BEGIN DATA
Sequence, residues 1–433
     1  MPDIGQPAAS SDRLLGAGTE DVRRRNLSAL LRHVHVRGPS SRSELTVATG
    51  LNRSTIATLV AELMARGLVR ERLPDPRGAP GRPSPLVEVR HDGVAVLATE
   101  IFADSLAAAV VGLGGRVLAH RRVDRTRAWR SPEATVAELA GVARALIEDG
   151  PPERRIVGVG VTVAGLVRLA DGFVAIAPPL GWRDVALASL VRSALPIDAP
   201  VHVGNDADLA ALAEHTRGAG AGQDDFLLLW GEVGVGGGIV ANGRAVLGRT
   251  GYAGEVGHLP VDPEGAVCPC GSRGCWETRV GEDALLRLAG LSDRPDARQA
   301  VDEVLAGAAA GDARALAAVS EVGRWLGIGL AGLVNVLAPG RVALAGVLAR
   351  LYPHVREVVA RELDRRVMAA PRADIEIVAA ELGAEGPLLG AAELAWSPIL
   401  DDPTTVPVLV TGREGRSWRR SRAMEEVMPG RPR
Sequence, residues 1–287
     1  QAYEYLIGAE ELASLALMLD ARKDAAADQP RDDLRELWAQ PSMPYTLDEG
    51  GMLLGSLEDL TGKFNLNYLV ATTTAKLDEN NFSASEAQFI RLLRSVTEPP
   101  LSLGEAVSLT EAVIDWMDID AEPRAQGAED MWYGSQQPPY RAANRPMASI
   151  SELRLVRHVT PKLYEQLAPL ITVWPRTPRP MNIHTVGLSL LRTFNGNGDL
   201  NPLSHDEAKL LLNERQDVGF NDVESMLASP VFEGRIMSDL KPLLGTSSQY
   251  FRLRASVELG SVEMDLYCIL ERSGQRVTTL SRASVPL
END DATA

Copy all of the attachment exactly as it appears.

Sequence, residues 1–433
     1  MPDIGQPAAS SDRLLGAGTE DVRRRNLSAL LRHVHVRGPS SRSELTVATG
    51  LNRSTIATLV AELMARGLVR ERLPDPRGAP GRPSPLVEVR HDGVAVLATE
   101  IFADSLAAAV VGLGGRVLAH RRVDRTRAWR SPEATVAELA GVARALIEDG
   151  PPERRIVGVG VTVAGLVRLA DGFVAIAPPL GWRDVALASL VRSALPIDAP
   201  VHVGNDADLA ALAEHTRGAG AGQDDFLLLW GEVGVGGGIV ANGRAVLGRT
   251  GYAGEVGHLP VDPEGAVCPC GSRGCWETRV GEDALLRLAG LSDRPDARQA
   301  VDEVLAGAAA GDARALAAVS EVGRWLGIGL AGLVNVLAPG RVALAGVLAR
   351  LYPHVREVVA RELDRRVMAA PRADIEIVAA ELGAEGPLLG AAELAWSPIL
   401  DDPTTVPVLV TGREGRSWRR SRAMEEVMPG RPR
Sequence, residues 1–287
     1  QAYEYLIGAE ELASLALMLD ARKDAAADQP RDDLRELWAQ PSMPYTLDEG
    51  GMLLGSLEDL TGKFNLNYLV ATTTAKLDEN NFSASEAQFI RLLRSVTEPP
   101  LSLGEAVSLT EAVIDWMDID AEPRAQGAED MWYGSQQPPY RAANRPMASI
   151  SELRLVRHVT PKLYEQLAPL ITVWPRTPRP MNIHTVGLSL LRTFNGNGDL
   201  NPLSHDEAKL LLNERQDVGF NDVESMLASP VFEGRIMSDL KPLLGTSSQY
   251  FRLRASVELG SVEMDLYCIL ERSGQRVTTL SRASVPL